An ongoing Milwaukee exhibit aims to highlight the humanity and artistic talent that exists among Wisconsin’s often forgotten population of people behind bars.
“It is breaking the boundaries,” said Debra Brehmer, curator of the exhibit at the Milwaukee Institute of Art and Design. “Art is being made everywhere.”
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Almost all of the 65 artists are currently incarcerated, with the rest previously serving time behind bars. Many were self-taught and relied on limited access to materials. Toothpicks, milk cartons, paper and snack wrappers are featured in the collection. Some artists used dissolved antacid tablets for color.
One piece by Dominic Marak translates pencil drawings of fellow incarcerated people into collages using junk food wrappers.
“They are very elegant collages that he says speaks of the disposability of incarcerated individuals, how society views incarcerated individuals,” Brehmer said.
Brehmer and institute president Jeff Morin recently joined Wisconsin Public Radio’s “The Morning Show” to discuss the exhibit, “Art Against the Odds,” which runs through March 11. Morin hopes people receive the collection as evidence of a human need to make or create, and as an expression of humanity.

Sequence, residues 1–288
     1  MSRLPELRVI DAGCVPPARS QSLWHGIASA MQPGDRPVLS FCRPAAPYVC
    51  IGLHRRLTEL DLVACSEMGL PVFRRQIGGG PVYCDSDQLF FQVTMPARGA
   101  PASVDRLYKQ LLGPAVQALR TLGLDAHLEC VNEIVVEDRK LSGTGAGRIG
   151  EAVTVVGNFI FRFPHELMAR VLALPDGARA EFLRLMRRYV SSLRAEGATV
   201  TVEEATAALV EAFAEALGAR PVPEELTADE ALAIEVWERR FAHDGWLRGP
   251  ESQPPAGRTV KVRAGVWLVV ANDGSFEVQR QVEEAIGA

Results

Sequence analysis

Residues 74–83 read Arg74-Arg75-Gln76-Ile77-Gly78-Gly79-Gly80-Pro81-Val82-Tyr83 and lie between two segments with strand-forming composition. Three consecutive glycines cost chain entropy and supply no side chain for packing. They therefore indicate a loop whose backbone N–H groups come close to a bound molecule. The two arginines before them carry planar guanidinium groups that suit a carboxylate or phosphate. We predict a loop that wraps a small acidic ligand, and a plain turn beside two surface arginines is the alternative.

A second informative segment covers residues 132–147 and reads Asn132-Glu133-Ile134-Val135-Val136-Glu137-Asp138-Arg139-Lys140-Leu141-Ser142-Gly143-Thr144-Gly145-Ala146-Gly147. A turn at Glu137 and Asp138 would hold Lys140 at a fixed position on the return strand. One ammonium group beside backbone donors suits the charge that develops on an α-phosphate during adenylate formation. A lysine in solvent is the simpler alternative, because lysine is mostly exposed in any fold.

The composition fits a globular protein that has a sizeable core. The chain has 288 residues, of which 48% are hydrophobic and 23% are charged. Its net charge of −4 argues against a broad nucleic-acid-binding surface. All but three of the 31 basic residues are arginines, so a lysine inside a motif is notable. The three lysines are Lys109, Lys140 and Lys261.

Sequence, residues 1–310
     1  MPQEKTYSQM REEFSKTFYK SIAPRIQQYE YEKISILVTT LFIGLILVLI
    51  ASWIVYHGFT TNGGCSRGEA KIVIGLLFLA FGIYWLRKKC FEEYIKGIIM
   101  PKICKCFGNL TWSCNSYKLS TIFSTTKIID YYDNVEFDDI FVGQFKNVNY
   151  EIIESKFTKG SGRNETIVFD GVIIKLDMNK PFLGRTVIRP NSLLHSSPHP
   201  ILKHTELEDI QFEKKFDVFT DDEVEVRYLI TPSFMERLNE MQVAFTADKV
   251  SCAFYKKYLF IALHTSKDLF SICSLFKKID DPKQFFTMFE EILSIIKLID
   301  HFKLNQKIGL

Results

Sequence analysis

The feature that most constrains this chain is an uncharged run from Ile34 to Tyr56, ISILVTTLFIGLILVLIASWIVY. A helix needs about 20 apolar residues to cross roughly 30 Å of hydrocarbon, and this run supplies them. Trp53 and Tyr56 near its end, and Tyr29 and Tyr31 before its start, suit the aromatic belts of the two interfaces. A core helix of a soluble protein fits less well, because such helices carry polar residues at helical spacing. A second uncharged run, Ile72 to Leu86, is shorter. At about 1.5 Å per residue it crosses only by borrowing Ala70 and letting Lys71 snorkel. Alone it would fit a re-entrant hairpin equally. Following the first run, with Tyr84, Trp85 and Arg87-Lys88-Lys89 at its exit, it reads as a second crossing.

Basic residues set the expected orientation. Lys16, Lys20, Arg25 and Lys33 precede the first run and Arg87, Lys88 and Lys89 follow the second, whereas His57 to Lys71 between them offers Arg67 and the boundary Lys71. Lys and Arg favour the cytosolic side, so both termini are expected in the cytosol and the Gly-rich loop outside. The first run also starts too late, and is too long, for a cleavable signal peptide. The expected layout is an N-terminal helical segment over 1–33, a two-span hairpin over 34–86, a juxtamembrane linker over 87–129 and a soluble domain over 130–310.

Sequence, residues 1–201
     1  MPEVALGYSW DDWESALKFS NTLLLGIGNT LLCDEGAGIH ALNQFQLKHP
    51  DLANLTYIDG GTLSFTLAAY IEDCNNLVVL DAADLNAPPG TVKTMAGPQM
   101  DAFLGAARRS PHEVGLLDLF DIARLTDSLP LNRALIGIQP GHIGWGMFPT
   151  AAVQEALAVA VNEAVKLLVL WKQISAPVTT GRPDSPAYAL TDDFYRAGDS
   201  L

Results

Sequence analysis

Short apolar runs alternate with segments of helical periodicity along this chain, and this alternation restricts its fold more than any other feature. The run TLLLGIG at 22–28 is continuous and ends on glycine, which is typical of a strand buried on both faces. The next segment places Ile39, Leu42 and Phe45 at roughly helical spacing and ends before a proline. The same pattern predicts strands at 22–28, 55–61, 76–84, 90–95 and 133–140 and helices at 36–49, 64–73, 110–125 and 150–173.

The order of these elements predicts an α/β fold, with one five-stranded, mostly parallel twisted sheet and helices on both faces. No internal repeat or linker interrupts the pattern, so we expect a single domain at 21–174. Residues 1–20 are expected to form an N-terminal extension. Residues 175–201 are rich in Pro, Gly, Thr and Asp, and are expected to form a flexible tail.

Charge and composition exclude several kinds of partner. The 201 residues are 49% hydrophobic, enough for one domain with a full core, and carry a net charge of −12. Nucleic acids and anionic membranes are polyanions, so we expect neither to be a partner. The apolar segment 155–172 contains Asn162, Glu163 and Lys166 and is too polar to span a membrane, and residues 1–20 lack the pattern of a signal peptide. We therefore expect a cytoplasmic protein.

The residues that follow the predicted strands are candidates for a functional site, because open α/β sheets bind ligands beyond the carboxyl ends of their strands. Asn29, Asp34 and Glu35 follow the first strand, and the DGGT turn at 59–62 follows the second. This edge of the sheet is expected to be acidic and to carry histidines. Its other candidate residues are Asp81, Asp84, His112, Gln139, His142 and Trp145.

“It allows them (artists) to develop empathy and self-awareness and to have a sense of self outside of their criminal record,” Morin said.
A piece that sticks with Morin is a 5-feet-tall Ferris wheel model. It uses rolled-up computer paper, cardboard gears, string, a shampoo bottle and a sand mechanism that moves the wheel for about 10 minutes.
“It’s an amazing piece of engineering,” he said.
Sarah Demerath, who spent time incarcerated in Wisconsin’s Taycheedah and Ellsworth prisons, is one of the featured artists. She recently joined WTMJ-TV to discuss her abstract ink paintings, which reference her addiction to heroin when she was 19.
“The circles represent my eyes at different points of my addiction,” Demerath said. “I had all these stories in this long 16-year battle with addiction. The only thing recognizable to me were my eyes at that point.”
Brehmer said the art world has made progress over time diversifying whose work it showcases. But a perception remains that the art world is elitist and “occupied by wealthy collectors, wealthy people and powerful artists,” she said.
“This kind of art is treated as ‘other’ within the contemporary art world. It’s not quite let in. It’s thought of as outsider art, therapeutic art or something else — something other,” Brehmer said.
“What we’ve done with the show,” she continued, “the very premise was to make sure that that did not happen.”
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